Be mindful, take notice, notice the everyday, notice the little things, live life in the present moment, be thankful.
Research shows that practising gratitude and mindfulness increases levels of dopamine and serotonin and improves our wellbeing and mental health. The benefits of mindfulness are well researched and practising mindfulness has been shown to reduces stress, anxiety, burnout and improve overall feelings of wellbeing.
Mindfulness-based cognitive therapy (MBCT) is a recommended treatment option in the NICE guideline for depression. Studies have shown doctors who practice mindfulness have higher patient satisfaction scores, lower levels of burnout and improved communication skills.
What is Mindfulness?
Mindfulness is simply learning to be aware of the present moment. It is paying more attention to what is going on in the world around you, your thoughts and feelings and accepting it without judgement.
It is easy to rush through life on auto pilot without stopping to notice much – how often have you eaten a meal and not tasted the food or driven somewhere and can’t remember the journey? How often are you wishing away the working week, or plan to start doing all the nice things in life once you’ve lost that weight or finished that project?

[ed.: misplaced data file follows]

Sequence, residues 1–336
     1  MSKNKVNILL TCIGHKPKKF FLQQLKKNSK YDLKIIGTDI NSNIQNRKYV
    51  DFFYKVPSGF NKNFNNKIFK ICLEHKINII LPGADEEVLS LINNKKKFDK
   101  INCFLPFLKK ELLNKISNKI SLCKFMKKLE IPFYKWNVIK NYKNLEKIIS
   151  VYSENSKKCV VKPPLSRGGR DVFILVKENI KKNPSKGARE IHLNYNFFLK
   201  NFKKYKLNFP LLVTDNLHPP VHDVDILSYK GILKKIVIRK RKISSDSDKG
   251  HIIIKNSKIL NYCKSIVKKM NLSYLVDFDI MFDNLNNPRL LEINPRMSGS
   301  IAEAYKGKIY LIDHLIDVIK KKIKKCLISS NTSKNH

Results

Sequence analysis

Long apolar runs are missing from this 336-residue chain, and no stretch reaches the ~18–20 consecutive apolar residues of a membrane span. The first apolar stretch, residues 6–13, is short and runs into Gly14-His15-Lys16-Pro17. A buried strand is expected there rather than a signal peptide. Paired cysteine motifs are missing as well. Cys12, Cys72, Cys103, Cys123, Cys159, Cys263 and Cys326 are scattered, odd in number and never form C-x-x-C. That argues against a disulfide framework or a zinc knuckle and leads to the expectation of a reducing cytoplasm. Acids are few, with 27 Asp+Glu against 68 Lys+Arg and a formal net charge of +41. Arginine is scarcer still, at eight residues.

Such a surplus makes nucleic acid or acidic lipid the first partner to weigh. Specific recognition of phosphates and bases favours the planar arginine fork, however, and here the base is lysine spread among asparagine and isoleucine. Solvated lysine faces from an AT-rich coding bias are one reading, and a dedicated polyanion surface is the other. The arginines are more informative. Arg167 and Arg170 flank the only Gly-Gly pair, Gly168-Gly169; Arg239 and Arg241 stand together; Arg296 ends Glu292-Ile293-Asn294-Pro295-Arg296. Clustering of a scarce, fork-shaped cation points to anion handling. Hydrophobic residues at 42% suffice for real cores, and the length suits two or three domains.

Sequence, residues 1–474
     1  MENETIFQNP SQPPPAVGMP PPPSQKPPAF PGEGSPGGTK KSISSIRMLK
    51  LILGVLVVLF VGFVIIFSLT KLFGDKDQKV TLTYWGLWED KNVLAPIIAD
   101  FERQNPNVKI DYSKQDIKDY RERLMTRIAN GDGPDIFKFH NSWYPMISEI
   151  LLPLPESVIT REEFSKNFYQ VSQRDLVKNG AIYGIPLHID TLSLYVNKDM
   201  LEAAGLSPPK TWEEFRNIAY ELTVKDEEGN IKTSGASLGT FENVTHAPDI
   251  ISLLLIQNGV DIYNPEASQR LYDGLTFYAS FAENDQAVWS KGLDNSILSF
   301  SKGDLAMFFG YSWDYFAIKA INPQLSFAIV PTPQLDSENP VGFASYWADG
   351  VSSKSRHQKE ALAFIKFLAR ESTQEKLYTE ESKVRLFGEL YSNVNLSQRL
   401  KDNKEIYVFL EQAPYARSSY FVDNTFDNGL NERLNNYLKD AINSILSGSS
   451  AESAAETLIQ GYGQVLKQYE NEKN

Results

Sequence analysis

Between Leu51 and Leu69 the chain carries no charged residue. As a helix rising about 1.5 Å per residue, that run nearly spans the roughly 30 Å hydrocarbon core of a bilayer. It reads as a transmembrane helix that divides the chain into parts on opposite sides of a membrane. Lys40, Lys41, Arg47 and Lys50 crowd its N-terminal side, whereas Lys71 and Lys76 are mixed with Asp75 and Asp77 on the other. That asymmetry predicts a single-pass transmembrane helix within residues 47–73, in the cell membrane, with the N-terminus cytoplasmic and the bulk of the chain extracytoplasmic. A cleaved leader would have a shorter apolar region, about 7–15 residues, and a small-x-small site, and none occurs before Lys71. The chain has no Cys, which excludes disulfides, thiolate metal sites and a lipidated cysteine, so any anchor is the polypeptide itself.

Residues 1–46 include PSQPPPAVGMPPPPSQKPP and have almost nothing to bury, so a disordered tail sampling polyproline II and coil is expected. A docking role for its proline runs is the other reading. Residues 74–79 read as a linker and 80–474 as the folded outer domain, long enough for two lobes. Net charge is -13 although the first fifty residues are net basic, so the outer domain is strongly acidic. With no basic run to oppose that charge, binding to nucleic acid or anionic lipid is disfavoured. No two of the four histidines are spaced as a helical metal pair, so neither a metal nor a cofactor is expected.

Life is happening now! – that 20 minutes in a traffic jam or 10 minutes doing the washing up is life and it is passing us by. Being more mindful allows us to notice all that is happening in life, live in the present moment and appreciate that moment.
They are many possibilities for learning how to practise mindfulness, ranging from reading a book, attending a course, using an app or simply practising being more present in your daily life using one of our practical exercises below. The most important thing is to try and be mindful on a daily basis, it is a habit that needs to be learnt and practiced.